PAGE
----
The dirt on the “clean room”
By Lorraine Forster
THEY ARE DOING EVIL THINGS... The entrance to Western’s Research
Park looms eerily on the landscape.
As many Western students living away from their parents can attest, a “clean
room” is often a foreign concept. In the Photonics and Nanotechnology
Laboratory in the Western Research Park, however, a “clean room” is
It has become the site for several investigations into the structure and behaviour
of nature’s building blocks — molecules and atoms. The studies
conducted there have revolutionized the computing and biotechnology fields
by using state-of-the-art instruments to build machines only billionths of
metres in size.
The studies use nanotechnology as the basis of microscopic study. Nanotechnology
is used to study structures and devices at the sub-micron scale, the information
found in these studies allow researchers the capacity to produce more computing
power through the use of increasingly smaller circuitry.
The clean room becomes the crucial setting for these studies, because its
air is more than 100 times cleaner than regular air. This is important because
if even one 50-micron speck of dust attaches itself to an object under the
microscope, the object looks altered. In order to harvest clean air, the clean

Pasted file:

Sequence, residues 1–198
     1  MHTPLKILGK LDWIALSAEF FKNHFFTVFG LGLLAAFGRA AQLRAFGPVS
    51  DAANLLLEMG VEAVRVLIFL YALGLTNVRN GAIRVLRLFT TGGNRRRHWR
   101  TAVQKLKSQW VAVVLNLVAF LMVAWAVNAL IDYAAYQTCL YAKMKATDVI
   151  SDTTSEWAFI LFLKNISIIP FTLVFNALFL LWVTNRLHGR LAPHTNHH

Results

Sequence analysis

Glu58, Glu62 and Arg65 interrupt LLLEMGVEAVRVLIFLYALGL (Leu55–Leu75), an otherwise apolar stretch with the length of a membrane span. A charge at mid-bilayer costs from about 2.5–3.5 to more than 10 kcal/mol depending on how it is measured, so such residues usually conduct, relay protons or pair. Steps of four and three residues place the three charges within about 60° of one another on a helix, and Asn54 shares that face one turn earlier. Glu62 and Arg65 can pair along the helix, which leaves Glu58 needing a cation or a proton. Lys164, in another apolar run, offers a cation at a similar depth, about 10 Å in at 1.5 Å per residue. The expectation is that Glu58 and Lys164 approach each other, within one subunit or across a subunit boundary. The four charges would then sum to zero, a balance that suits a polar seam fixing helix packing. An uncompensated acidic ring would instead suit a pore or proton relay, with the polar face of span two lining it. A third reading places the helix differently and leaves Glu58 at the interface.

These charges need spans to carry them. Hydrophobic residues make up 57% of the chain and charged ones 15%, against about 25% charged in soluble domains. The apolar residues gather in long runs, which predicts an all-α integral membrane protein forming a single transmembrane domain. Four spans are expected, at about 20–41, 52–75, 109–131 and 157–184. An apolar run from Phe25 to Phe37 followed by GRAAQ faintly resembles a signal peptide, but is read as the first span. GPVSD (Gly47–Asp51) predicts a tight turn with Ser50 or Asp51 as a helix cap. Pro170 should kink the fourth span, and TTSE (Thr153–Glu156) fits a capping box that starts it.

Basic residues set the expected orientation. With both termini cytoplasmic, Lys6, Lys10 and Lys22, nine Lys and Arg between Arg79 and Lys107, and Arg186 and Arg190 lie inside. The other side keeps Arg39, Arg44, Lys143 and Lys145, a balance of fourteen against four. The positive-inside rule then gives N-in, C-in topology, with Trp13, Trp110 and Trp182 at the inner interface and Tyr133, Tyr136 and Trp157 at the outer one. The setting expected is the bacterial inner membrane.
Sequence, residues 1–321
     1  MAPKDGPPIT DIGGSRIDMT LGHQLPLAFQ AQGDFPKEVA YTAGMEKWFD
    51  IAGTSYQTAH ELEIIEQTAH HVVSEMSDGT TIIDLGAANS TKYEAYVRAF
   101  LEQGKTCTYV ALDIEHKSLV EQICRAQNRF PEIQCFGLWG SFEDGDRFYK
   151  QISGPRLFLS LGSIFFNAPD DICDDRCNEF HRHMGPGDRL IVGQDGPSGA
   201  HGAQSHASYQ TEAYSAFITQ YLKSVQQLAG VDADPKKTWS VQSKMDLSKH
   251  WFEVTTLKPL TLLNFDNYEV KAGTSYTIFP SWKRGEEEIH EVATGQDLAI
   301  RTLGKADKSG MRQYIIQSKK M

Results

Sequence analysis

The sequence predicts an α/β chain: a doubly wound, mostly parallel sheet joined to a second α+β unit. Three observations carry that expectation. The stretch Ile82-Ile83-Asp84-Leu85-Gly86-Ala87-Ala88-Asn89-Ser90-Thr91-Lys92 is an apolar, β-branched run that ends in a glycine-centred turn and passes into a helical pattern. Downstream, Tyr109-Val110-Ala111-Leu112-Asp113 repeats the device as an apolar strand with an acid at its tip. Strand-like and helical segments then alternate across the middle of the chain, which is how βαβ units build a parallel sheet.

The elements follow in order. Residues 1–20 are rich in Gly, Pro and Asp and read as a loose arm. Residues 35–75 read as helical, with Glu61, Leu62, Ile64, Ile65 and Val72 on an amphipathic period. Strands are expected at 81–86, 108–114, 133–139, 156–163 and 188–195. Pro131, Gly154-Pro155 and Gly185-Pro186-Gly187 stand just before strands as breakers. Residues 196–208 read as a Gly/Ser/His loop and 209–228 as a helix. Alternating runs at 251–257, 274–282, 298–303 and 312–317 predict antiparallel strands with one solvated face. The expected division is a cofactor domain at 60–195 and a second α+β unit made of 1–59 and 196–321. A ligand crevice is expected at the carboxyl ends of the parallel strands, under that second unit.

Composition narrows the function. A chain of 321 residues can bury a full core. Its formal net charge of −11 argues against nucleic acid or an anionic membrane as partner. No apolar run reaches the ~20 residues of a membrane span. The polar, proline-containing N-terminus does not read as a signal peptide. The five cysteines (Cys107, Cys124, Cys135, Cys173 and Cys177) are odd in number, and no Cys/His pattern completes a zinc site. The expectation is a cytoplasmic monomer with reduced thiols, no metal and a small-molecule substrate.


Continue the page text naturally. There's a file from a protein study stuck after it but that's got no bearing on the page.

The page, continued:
room is equipped with a special ventilation system that delivers ultra-spotless
air, and researchers are required to wear special gowns and masks at all times.
The possible results of research seem to be straight out of a science fiction
movie. Many have talked about the possibilities of things such as tiny electric
brains and disease-fighting, self-replicating robots swimming in human bloodstreams.
While some researchers may be working towards such seemingly futuristic structures,
for most of the researchers at Western, the focus is on increasing computer
speed and power.
While the idea of tiny robots swimming in human bloodstreams seems farfetched,
researchers say this phenomenon already takes place everyday. Our tissue is
made up of tiny cells, and when cells migrate to a wound to form a blood clot,
it’s as if they are acting like tiny robots.
Along with the untainted air, special equipment is used to work towards breakthroughs